CHARLES JOHNS, Petitioner v . COMMISSIONER OF INTERNAL REVENUE, Respondent, UNITED STATES TAX COURT - MEMORANDUM DECISION, T.C. Memo. 2003-140, Docket No. 9814-02. ═, Filed May 19, 2003
CHARLES JOHNS, Petitioner v . COMMISSIONER OF INTERNAL REVENUE, Respondent
UNITED STATES TAX COURT - MEMORANDUM DECISION
T.C. Memo. 2003-140
Docket No. 9814-02. ═
Filed May 19, 2003.
Robert E. Salad and Joel L. Schwartz , for petitioner.
Carol-Lynn E. Moran , for respondent.
RUWE, Judge : Respondent determined a deficiency in petitioner's Federal income tax of $276,387 for 1998. The only issue for our decision is whether the amounts that petitioner received in exchange for his assignments of his rights to receive certain future annual lottery payments represent ordinary income or capital gains.
This case was submitted fully stipulated under Rule 122. 1 The stipulation of facts and the attached exhibits are incorporated by this reference. At the time of filing the petition, petitioner resided in Cherry Hill, New Jersey.
1 All Rule references are to the Tax Court Rules of Practice and Procedure, and all section references are to the Internal Revenue Code as amended.
On December 7, 1992, petitioner won $9,397,987.40 in the New Jersey State Lottery's (NJSL) Pick-6 Lotto Drawing. According to rules and regulations governing the NJSL in 1992, petitioner was to receive the lottery winnings in 20 annual pretax installments: The first installment was $467,987.40, and the remaining 19 annual installments were $470,000 each. Petitioner had purchased his winning lottery ticket for $1.
According to New Jersey State law, petitioner was required to obtain approval from the Superior Court of New Jersey before he could transfer his rights to receive future lottery winnings. Petitioner obtained the superior court's approval to assign his lottery prize payments to Singer Asset Finance Co., L.L.C. (Singer).
On December 23, 1996, petitioner assigned his rights to receive three of the annual lottery payments of $470,000 each, scheduled to be made on December 8 or 9 of 1998, 1999, and 2000, to Singer in exchange for $1,113,500. On August 27, 1997, petitioner assigned his right to receive one annual lottery payment of $470,000, scheduled to be made on December 8, 2001, to Singer in exchange for $386,500. Petitioner received $1.5 million in payments from Singer in 1998 pursuant to those agreements. Petitioner reported the $1.5 million in payments from Singer as long-term capital gain on Schedule D, Capital Gains and Losses, of his 1998 Federal income tax return. Respondent determined that those payments are ordinary income to petitioner.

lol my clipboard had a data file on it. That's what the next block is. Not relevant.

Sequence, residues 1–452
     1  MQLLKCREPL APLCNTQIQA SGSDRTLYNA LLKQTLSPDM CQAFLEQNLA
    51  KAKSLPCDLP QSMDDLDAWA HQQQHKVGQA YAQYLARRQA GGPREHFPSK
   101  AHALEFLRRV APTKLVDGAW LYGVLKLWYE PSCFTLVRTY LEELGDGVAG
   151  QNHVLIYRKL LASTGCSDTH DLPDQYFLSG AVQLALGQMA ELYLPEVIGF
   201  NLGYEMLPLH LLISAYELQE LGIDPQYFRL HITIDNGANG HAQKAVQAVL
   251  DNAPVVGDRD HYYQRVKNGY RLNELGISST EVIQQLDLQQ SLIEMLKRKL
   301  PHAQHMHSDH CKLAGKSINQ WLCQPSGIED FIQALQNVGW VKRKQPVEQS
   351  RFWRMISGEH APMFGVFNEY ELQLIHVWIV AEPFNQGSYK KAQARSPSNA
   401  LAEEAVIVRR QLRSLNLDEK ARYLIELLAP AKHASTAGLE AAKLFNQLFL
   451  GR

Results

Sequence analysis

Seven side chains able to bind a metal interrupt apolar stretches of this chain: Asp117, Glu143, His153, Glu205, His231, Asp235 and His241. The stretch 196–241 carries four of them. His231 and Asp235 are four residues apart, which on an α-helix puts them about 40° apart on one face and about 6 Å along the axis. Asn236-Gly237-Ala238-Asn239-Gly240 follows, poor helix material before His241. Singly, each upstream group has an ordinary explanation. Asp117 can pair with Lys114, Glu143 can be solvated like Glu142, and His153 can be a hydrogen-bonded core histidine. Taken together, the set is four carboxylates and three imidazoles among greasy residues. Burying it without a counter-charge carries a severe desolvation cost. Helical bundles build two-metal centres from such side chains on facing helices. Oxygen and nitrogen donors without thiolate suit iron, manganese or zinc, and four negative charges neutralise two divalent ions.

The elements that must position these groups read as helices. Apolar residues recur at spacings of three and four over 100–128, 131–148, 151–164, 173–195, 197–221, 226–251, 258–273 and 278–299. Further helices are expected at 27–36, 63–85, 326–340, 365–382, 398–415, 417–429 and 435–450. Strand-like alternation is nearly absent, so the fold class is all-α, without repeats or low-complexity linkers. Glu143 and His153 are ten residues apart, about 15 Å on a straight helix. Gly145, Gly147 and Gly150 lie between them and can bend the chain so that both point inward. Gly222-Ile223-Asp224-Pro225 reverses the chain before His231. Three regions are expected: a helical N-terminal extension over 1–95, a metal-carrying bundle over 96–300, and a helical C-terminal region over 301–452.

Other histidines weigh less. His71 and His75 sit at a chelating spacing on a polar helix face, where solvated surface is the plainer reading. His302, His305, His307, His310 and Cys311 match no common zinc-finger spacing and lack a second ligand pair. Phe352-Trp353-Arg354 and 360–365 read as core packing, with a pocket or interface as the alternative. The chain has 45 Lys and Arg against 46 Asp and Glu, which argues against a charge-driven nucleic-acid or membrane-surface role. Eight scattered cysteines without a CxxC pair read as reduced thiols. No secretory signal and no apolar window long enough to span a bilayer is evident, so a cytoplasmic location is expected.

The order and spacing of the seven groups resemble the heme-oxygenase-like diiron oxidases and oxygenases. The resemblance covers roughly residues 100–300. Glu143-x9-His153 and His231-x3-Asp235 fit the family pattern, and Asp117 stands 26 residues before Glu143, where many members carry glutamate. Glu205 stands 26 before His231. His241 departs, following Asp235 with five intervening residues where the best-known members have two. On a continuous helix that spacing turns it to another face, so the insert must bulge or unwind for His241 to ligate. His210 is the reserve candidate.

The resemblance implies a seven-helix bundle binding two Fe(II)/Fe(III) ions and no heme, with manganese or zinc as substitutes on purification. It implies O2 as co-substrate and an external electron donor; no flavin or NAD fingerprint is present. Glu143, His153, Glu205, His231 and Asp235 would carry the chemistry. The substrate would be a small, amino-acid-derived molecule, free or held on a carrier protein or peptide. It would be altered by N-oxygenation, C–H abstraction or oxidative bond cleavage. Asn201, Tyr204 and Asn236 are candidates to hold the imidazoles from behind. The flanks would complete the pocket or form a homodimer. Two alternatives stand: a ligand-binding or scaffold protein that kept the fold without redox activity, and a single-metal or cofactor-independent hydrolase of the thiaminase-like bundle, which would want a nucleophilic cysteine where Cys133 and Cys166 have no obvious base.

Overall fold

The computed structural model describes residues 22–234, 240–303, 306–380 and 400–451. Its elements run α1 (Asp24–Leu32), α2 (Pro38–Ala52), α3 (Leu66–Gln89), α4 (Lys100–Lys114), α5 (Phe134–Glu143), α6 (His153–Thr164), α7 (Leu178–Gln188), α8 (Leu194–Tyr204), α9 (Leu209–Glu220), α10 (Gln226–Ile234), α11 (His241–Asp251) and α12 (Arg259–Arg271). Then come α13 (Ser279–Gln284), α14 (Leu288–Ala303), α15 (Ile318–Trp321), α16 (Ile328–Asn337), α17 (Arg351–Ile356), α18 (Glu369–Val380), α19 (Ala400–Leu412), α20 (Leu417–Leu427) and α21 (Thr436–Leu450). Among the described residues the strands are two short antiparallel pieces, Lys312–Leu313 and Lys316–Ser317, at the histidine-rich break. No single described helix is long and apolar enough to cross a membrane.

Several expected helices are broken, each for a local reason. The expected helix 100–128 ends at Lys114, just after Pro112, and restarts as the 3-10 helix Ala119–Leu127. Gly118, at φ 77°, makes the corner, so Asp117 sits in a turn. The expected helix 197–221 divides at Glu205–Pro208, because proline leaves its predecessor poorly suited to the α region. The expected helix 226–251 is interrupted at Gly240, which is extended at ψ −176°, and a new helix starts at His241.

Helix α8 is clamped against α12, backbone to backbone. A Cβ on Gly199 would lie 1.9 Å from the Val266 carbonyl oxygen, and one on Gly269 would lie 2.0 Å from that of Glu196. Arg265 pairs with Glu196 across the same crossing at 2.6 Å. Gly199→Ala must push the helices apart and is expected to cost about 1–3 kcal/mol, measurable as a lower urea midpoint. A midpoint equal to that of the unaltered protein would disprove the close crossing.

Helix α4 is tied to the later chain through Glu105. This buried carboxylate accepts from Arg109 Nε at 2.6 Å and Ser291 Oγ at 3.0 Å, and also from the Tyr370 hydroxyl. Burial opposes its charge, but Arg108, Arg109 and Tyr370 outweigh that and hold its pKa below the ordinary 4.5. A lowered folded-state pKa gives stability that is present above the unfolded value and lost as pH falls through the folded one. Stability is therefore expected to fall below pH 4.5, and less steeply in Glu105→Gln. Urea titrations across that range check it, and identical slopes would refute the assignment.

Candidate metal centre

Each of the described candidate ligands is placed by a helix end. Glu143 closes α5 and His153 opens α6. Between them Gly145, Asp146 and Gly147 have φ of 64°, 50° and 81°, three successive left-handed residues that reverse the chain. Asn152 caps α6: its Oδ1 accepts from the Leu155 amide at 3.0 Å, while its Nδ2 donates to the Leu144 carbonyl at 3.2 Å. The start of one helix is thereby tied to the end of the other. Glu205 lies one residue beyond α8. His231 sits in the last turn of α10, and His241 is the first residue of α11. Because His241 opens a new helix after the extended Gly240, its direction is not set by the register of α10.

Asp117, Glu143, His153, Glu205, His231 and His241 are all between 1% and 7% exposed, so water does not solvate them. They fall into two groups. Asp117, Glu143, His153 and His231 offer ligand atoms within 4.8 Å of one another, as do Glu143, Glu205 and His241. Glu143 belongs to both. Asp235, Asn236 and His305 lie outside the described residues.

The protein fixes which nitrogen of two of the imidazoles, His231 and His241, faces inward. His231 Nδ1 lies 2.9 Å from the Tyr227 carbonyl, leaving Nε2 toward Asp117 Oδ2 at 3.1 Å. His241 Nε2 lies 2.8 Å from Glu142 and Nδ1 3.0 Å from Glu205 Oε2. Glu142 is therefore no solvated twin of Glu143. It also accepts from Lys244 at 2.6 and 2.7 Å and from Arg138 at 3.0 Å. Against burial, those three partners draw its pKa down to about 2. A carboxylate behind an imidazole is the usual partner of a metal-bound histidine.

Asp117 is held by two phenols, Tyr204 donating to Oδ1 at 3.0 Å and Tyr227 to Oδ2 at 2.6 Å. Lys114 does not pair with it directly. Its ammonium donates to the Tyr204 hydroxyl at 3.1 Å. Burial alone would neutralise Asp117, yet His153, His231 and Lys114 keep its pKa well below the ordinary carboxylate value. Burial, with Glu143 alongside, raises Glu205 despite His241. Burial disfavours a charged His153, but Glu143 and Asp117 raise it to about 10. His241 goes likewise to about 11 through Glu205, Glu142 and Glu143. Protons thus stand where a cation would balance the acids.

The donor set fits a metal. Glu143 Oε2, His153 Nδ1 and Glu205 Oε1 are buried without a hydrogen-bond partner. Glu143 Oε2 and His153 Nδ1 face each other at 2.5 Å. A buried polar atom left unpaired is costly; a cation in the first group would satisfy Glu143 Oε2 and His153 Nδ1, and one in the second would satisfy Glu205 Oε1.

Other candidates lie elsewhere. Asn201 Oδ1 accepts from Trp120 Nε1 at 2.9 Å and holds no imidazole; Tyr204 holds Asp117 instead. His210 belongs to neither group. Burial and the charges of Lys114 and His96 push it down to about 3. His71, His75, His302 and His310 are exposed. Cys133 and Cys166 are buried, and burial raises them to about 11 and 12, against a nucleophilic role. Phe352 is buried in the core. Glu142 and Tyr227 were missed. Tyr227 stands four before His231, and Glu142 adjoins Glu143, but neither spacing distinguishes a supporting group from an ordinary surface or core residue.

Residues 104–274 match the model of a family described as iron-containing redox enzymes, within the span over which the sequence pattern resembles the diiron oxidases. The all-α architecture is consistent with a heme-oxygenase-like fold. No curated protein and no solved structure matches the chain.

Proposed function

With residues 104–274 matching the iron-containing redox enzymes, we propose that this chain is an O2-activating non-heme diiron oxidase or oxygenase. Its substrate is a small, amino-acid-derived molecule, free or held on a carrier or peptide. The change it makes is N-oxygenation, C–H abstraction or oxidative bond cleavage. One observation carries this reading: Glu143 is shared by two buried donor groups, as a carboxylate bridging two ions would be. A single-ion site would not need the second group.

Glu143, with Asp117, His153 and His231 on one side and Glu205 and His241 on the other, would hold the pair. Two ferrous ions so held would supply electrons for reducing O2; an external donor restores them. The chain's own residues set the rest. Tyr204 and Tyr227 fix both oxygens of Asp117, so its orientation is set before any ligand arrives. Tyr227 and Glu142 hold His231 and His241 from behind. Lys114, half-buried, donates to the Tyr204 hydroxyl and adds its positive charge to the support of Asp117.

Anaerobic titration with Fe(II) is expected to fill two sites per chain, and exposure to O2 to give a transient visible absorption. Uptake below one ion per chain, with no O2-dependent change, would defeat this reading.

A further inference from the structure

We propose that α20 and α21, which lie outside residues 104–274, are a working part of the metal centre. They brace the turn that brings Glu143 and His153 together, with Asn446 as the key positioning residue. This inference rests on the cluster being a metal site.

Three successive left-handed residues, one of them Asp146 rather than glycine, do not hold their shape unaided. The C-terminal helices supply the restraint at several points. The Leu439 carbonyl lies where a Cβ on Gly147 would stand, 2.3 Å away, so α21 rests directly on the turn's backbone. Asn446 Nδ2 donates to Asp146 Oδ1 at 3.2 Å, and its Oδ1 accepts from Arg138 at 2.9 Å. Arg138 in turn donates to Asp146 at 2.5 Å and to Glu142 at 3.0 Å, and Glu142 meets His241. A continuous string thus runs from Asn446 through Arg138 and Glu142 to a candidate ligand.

Petitioner agrees that the facts of our recent opinion in Davis v. Commissioner , 119 T.C. 1 (2002), are "nearly identical" to the facts in the instant case. In Davis , we held that the taxpayers' right to receive certain future annual lottery payments did not constitute a capital asset within the meaning of section 1221 and that the lump-sum amount that the taxpayers received for their right to receive the future annual lottery payments was ordinary income and not capital gain. Id. at 7.
Petitioner asks us to revisit our opinion in Davis , because the taxpayer in that case did not argue, and we did not consider, whether the winning lottery ticket was a capital asset, and because of our interpretation of the U.S. Supreme Court opinion in Ark. Best Corp. v. Commissioner , 485 U.S. 212 (1988). Petitioner contends that the winning lottery ticket is "property" under section 1221 2 and a capital asset, that he sold a partial interest (20 percent) in the winning lottery ticket, and that the gain on this sale is long-term capital gain and not ordinary income. We disagree.
2 Sec. 1221 defines the term "capital asset" generally as "property held by the taxpayer (whether or not connected with his trade or business)", but excludes five specific items which are not relevant to this case.
First, we shall not, at this time, revisit our holding in Davis v. Commissioner , supra . Further, we agree with respondent that the facts in the instant case are indistinguishable from the facts of Davis . Although petitioner claims he sold a partial interest in his winning lottery ticket, it is clear from the record that he obtained court approval for the assignment of his rights to receive four of the future annual lottery payments of $470,000 each. He then assigned those rights to Singer for $1.5 million. Pursuant to our holding in Davis , we hold that the amounts that petitioner received for his rights to the future annual lottery payments represent ordinary income and not capital gains. See also Boehme v. Commissioner , T.C. Memo. 2003-81.
Decision will be entered for respondent .
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